I use apple's x code, my system is OS X 10.4.11
Im getting a warning you must be familiar:

"#ifdef __DEPRECATED
#warning This file includes at least one deprecated or antiquated header. \
Please consider using one of the 32 headers found in section of the \
C++ standard. Examples include substituting the <X> header for the <X.h> \
header for C++ includes, or <iostream> instead of the deprecated header \
<iostream.h>. To disable this warning use -Wno-deprecated.

I followed the advice and zapped the ".h" and I got 10 or more errors!
I put back the deprecated <iostream.h> and got only the warning.



Can we see the total program that you are trying to compile :) Because i cant find any reason to understand what might have gone wrong.

Can we see the total program that you are trying to compile :) Because i cant find any reason to understand what might have gone wrong.

Sure thing, I'm just trying to learn C++ and I'm using a source for a game called "decryptix".
The plot thickens here:

#include <iostream.h>

int main()
    cout << "Decryptix. (c)Copyright 1999 Liberty";
    cout << "Associates, Inc. Version 0.2\n\n" << endl;
    cout << "There are two ways to play Decryptix: either";
    cout << "you can guess a pattern I create,\n";
    cout << "or I can guess your pattern.\n\n";
    cout << "If you are guessing, I will think of a pattern\n";
    cout << "of letters (e.g., abcde).\n\n";
    cout << "On each turn, you guess the pattern and I will\n";
    cout << "tell you how many letters you got right, and how many\n";
    cout << "of the correct letters were in the correct position.\n\n";
    cout << "The goal is to decode the puzzle as quickly as\n";
    cout << "possible. You control how many letters can be\n";
    cout << "used and how many positions (e.g., 5 possible \n";
    cout << "letters in 4 positions) as well as whether or not\n";
    cout << "the pattern might contain duplicate \n";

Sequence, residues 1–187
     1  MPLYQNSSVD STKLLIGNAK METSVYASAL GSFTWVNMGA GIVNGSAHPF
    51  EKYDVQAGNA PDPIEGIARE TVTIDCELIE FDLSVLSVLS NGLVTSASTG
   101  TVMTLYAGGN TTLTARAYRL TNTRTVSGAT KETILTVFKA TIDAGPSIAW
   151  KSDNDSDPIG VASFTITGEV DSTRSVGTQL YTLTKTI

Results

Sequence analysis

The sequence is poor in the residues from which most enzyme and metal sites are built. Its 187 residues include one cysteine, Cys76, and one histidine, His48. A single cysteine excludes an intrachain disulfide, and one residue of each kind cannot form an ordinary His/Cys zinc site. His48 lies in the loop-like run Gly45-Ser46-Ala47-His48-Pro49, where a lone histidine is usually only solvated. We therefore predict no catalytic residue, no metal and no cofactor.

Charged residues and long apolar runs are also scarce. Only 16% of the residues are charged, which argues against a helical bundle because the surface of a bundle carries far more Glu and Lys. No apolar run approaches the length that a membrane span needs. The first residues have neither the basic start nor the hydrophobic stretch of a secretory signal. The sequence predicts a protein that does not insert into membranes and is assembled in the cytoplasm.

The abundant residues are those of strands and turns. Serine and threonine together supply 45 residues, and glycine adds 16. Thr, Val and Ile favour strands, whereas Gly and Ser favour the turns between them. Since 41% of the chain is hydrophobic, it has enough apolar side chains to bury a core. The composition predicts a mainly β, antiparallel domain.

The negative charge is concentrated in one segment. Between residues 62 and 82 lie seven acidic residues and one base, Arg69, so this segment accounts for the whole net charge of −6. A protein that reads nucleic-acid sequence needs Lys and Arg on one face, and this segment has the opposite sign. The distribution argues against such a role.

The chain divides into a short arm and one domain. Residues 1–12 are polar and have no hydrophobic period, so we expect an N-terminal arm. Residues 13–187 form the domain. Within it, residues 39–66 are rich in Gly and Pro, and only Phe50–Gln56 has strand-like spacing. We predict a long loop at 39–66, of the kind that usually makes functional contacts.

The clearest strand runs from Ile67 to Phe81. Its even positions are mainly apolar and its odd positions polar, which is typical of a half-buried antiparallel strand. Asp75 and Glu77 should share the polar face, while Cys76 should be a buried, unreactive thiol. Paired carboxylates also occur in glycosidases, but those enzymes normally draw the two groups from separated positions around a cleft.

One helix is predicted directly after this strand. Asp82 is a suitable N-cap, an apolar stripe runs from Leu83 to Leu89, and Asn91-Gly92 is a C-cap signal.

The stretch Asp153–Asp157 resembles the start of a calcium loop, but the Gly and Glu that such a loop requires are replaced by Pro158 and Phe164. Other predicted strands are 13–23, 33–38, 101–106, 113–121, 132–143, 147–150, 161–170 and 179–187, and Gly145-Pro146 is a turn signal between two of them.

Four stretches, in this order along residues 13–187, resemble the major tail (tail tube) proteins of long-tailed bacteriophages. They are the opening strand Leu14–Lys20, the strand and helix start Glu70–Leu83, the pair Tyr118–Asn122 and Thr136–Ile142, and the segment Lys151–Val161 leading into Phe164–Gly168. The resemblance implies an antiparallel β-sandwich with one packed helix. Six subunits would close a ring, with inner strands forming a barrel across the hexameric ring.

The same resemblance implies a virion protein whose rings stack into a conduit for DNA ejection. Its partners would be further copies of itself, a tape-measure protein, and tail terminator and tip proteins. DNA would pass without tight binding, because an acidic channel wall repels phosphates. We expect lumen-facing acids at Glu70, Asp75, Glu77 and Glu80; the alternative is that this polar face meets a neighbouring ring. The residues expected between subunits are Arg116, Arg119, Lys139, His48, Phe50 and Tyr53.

cout << "letters (e.g., aabcd).\n\n";
    cout << "If I'm guessing, you think of a pattern and score \n";
    cout << "each of my answers.\n\n" << endl;

    int round = 1;
    int howManyLetters = 0, howManyPositions = 0;
    bool duplicatesAllowed = false;
    bool valid = false;

    const int minLetters = 2;
    const int maxLetters = 10;
    const int minPositions = 3;
    const int maxPositions = 10;

    while ( ! valid )
        while ( howManyLetters < minLetters 
                || howManyLetters > maxLetters )
            cout << "How many letters? (";
            cout << minLetters << "-" << maxLetters << "): ";
            cin >> howManyLetters;
            if ( howManyLetters < minLetters 
                || howManyLetters > maxLetters )
                cout << "please enter a number between "; 
                cout << minLetters << " and " << maxLetters << endl;

        while ( howManyPositions < minPositions 
                || howManyPositions > maxPositions )
            cout << "How many positions? (";
            cout << minPositions << "-" << maxPositions << "): ";
            cin >> howManyPositions;
            if ( howManyPositions < minPositions 
                || howManyPositions > maxPositions )
                cout << "please enter a number between ";
                cout << minPositions <<" and " << maxPositions << endl;

        char choice = ' ';
        while ( choice != 'y' && choice != 'n' )
            cout << "Allow duplicates (y/n)? ";